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Discussion Starter · #1 · (Edited)
Hello,
I have a 6.5 month old Doberman. I would love to show him, but (along with not knowing the first thing about showing) I don't know if he is quality enough to be productive in the show ring. I'm in the process of getting pictures. He won't stand still long enough from me to take a good one...which is another thing...training. I've enrolled him in a basic obedience/manners class, so it should help with all of his flinging around, etc. But, depending on the answers I recieve about him, I will take him to conformation classes. Would the classes be worth it, though? Would he really learn from him. The "teach an old dog new tricks" questions pops up in my mind. The breeders never tried stacking him...they didn't take very good care of the litter at all. He was 25 pound at 4 months, ribs and hip bones visable, he had tapeworms and was internally weak (was being fed adult food once a day) So, I was too worried about him even surviving (legs were very week, painful to sit, was falling a lot) to do anything but check for a heartbeat. All of that also played a part in the delay of training, obviously. So, after I babbled about all of that, I'm back to would be learn anything from conformation classes?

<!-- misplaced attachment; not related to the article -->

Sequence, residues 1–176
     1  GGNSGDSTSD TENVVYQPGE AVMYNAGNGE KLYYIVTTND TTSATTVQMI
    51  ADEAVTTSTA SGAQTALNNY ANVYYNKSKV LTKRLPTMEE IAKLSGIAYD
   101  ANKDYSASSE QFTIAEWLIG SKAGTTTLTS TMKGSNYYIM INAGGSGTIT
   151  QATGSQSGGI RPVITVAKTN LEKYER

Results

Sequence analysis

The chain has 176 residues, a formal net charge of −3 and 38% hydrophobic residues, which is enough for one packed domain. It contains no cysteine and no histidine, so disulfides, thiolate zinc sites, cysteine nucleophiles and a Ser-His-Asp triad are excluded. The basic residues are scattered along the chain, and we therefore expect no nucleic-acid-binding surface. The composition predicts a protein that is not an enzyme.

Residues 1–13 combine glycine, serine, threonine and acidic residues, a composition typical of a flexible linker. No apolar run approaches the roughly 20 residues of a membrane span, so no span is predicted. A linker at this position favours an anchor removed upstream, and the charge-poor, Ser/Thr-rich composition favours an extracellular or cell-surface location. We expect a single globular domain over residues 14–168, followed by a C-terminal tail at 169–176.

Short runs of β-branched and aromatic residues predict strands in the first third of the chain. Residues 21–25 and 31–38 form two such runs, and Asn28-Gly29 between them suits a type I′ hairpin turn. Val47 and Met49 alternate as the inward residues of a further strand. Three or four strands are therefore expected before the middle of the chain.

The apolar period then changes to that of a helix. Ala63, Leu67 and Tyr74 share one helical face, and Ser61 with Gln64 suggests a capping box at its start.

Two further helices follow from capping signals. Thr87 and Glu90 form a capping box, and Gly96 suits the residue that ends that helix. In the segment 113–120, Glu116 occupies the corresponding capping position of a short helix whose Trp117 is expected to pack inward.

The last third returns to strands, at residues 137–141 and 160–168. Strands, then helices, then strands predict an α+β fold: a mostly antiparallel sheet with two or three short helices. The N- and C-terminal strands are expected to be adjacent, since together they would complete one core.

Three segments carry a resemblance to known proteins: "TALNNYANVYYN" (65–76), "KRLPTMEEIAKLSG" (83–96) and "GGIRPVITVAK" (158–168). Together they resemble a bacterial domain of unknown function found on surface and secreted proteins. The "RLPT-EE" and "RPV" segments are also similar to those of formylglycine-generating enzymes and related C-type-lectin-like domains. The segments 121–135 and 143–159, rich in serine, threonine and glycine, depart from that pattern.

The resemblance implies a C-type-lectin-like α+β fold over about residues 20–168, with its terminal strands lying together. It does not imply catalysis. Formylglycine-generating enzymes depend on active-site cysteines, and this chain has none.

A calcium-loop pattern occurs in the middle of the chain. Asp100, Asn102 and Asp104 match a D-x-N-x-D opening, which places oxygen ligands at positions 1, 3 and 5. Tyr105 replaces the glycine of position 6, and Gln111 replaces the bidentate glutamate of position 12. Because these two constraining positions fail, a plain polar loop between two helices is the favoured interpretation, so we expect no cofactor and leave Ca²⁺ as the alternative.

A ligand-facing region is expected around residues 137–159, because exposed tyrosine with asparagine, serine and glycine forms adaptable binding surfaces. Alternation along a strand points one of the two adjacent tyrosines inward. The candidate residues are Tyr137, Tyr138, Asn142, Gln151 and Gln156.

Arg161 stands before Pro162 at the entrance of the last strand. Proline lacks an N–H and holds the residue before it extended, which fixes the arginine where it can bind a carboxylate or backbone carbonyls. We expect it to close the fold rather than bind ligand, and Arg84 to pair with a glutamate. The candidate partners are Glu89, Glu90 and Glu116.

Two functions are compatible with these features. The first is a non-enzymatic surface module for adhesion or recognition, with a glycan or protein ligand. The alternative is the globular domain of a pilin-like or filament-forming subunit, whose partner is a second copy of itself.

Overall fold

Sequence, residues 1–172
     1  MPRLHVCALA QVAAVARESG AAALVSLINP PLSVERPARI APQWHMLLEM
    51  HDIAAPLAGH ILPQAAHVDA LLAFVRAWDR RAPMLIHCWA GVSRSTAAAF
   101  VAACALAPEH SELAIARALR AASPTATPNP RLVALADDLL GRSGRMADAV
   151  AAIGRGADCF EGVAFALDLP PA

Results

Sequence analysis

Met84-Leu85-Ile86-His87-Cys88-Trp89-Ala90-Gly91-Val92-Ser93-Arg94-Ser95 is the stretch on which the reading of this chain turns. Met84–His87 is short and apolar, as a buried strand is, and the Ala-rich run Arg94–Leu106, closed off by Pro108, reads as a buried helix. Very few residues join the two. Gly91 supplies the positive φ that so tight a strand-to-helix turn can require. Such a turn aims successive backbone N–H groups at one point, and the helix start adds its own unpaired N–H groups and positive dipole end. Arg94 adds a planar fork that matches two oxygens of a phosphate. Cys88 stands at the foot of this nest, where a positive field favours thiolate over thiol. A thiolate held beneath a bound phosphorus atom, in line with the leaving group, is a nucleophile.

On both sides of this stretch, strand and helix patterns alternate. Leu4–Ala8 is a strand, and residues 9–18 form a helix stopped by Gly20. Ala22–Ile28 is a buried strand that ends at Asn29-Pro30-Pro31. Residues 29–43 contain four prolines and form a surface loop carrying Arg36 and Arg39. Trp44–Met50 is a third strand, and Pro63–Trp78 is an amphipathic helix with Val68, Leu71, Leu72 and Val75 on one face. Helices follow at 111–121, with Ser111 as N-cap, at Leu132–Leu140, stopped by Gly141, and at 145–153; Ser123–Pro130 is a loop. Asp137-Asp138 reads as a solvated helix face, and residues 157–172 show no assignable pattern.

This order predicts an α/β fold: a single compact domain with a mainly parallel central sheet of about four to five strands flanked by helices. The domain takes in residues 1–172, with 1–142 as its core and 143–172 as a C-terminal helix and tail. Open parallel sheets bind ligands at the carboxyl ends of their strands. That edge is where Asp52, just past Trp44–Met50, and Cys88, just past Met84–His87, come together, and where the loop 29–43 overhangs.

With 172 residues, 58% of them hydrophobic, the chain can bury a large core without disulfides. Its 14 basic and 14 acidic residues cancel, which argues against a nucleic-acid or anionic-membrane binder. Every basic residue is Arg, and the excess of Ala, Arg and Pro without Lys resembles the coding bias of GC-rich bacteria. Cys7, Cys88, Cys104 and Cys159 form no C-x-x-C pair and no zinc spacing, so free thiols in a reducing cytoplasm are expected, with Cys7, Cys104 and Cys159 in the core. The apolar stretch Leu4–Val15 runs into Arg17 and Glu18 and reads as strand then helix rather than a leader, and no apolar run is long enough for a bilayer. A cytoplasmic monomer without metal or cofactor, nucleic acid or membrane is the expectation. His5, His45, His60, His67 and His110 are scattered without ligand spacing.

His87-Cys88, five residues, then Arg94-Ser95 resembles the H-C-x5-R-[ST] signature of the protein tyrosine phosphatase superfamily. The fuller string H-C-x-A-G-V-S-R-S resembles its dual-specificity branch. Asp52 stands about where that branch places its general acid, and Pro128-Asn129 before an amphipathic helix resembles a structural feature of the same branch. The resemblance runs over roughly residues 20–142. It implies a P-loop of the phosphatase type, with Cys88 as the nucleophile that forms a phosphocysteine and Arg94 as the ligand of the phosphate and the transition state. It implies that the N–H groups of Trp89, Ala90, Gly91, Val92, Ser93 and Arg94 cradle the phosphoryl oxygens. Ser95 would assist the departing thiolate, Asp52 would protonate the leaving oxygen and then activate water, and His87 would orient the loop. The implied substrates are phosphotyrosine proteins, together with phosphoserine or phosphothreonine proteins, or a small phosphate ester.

Also, more possible things that could keep us out of showing are his ears and tail. Ears are more of a military crop (breeders cropped before I bought him) which from what I've seen isn't preferred in American show rings, and his tail is slightly longer than normal. These things don't really have anything to do with his actual body and the standard, but I know people are picky.


Whew, okay. Finally to some very awful pictures I just took. He was everywhere! The other two weren't very happy with all of the wildness, either :biggrin55